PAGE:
9780739135686

Matter and Form From Natural Science to Political Philosophy

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  • ISBN13:

    9780739135686

  • ISBN10:

    0739135686

  • Format: Hardcover
  • Copyright: 2009-10-29
  • Publisher: Lexington Books

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Summary

Matter and Form explores the relationship that has long existed between natural science and political philosophy. Plato's Socrates articulates the ideas or forms as an account of the ultimate source of causality in the cosmos. Aristotle's natural philosophy had a significant impact on his political philosophy, he argues that humans are by nature political animals, having their natural end in the city, the regime of which is hierarchically structured based on differences in moral and intellectual capacity. Medieval theorists attempt to synthesize classical natural and political philosophy with the revealed truths of scripture; they argue that divine reason structures an ordered universe, the awareness of which allows for psychic and political harmony among human beings. Enlightenment thinkers challenge the natural philosophy of classical and medieval philosophers, ushering in a more iiberal political order. For example, for Hobbes, there is no rest in nature as there are no Aristotelian forms or natural places that govern matter. Hobbes applies his mechanistic understanding of material nature to his understanding of human nature: individuals are by nature locked in an endless pursuit of power until death. However, from this mechanistic understanding of humanity's natural condition, Hobbes develops a social contract theory in which civil and political society is constituted from consent. Later thinkers, such as Locke and Rousseau, modify this Hobbesian premise in their pursuit of the protection of rights and a free society. Nevertheless, materialist conceptions of the cosmos have not always given rise to liberal democratic philosophies. Historicist influence on scientific inquiry in the nineteenth century is connected to Darwin's theory of evolution; Darwin reasoned that over time the process of natural selection produces ever newer and more highly adapted species. Reflecting a form of social Darwinism, Nietzsche envisions an aristocratic order that draws its inspiration from art rather than the rationalism embodied in the history of natural and political philosophy.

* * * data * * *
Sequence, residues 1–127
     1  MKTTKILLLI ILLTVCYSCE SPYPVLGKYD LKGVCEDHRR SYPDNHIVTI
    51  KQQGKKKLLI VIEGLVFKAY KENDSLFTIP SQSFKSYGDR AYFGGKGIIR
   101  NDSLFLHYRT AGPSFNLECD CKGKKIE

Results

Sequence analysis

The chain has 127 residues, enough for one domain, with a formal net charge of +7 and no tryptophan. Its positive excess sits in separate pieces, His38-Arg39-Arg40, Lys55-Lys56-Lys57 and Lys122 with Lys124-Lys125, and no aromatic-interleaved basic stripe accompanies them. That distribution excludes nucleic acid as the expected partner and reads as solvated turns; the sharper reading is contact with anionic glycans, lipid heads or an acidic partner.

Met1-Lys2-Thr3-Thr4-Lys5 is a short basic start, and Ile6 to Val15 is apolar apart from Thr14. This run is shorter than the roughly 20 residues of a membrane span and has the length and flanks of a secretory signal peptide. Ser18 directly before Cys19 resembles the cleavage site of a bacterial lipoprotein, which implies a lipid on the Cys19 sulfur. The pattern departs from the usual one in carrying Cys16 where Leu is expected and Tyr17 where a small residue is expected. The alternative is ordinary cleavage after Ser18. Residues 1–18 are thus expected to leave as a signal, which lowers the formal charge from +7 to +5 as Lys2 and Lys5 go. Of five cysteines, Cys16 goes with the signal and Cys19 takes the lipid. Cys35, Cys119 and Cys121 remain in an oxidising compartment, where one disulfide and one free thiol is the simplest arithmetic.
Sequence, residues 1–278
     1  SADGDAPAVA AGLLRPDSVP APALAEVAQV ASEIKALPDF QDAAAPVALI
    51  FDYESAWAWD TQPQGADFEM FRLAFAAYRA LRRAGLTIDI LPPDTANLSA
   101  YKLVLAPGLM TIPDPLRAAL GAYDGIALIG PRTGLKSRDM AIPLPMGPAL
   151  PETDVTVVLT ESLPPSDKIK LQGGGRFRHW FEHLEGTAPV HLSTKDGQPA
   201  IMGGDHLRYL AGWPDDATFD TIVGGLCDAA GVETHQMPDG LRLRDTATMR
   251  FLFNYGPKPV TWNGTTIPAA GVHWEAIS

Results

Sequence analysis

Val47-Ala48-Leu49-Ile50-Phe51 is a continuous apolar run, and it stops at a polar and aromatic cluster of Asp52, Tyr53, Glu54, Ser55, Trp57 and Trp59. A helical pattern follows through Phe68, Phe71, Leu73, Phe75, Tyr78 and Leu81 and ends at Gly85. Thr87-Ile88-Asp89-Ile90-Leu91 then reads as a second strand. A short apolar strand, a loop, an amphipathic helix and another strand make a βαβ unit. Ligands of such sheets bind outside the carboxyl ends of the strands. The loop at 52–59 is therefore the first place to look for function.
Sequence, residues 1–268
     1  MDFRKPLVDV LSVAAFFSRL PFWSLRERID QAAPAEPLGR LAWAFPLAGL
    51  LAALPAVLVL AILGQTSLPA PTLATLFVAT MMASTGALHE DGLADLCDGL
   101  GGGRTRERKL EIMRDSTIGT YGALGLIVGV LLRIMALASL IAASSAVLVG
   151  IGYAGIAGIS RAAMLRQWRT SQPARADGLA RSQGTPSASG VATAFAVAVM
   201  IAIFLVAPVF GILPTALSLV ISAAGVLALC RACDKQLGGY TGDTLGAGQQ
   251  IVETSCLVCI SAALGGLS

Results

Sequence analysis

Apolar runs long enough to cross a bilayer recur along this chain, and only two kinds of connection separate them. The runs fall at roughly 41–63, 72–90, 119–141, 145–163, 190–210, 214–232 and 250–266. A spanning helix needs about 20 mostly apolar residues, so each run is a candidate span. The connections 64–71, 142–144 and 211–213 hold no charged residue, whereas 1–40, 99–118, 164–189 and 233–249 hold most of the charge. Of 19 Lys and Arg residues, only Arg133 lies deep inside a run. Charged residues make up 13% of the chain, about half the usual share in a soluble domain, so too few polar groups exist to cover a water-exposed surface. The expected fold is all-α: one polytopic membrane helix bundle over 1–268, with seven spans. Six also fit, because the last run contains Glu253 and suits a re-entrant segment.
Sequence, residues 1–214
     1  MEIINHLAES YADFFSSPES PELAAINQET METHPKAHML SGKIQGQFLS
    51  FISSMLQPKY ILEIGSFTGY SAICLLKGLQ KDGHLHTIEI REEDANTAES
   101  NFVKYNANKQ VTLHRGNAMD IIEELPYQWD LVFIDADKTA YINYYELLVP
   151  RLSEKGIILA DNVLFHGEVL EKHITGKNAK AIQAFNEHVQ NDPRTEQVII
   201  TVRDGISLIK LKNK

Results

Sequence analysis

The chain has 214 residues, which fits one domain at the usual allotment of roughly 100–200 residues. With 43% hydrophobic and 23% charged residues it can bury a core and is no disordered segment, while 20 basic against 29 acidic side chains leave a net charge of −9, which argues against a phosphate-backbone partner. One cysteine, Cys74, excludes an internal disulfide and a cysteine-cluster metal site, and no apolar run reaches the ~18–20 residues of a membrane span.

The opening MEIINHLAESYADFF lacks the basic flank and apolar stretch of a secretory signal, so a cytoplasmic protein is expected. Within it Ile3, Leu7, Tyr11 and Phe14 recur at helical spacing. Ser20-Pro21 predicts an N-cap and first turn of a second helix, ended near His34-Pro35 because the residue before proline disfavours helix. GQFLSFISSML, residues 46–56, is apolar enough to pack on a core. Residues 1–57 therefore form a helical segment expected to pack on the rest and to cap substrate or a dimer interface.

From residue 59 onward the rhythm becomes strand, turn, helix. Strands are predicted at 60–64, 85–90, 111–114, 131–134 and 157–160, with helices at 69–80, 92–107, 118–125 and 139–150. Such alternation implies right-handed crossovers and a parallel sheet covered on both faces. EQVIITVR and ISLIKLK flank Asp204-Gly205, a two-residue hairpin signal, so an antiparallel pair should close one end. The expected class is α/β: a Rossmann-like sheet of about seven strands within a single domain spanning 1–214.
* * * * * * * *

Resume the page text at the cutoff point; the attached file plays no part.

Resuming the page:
Author Biography

Ann Wardis associate professor of philosophy and classics-political studies at Campion College at the University of Regina; she is also author of Herodotus and the Philosophy of Empire, editor of Socrates: Reason or Unreason as the Foundation of European Identity, and coeditor with Lee Ward of The Ashgate Research Companion to Federalism.

Table of Contents

Acknowledgmentsp. ix
Introductionp. xi
Ancient Science, Natural Teleology, And The Order Of Politicsp. 1
The Polis Philosophersp. 3
The Immortality of the Soul and the Origin of the Cosmos in Plato's Phaedop. 19
Plato's Science of Living Wellp. 35
Understanding Aristotle's Politics through Form and Matterp. 45
Heavenly Perfection And Psychic Harmonyp. 55
Making "Men See Clearly": Physical Imperfection and Mathematical Order in Ptolemy's Syntaxisp. 57
Realism and Liberalism in the Naturalistic-Psychological Roots of Averro√ęs Critique of Plato's Republicp. 71
Skepticism, Mechanism, And The New Politicsp. 85
Skepticism, Science, and Politics in Montaigne's Essaysp. 87
Parmenidean Intuitions in Descartes's Theory of the Heart's Motionp. 103
Hobbes's Natural Condition and his Natural Science of the Mind in Leviathanp. 119
Hobbes and Aristotle: Science and Politicsp. 133
From Metaphysics to Ethics and Beyond: Hobbes's Reaction to Aristotelian Essentialismp. 147
Hobbes and Aristotle on Biology, Reason, and Reproductionp. 163
The Scientific Roots Of Liberalism And Contemporary "BioPolitics"p. 177
Locke and the Problematic Relation between Natural Science and Moral Philosophyp. 179
Rousseau's Botanical-Political Problem: On the Nature of Nature and Political Philosophyp. 195
Contrasting Biological and Humanistic Approaches to the Evolution of Political Moralityp. 211
Dialogue of the Sciences and the Humanitiesp. 229
Indexp. 235
Notes on Contributorsp. 239
Table of Contents provided by Ingram. All Rights Reserved.

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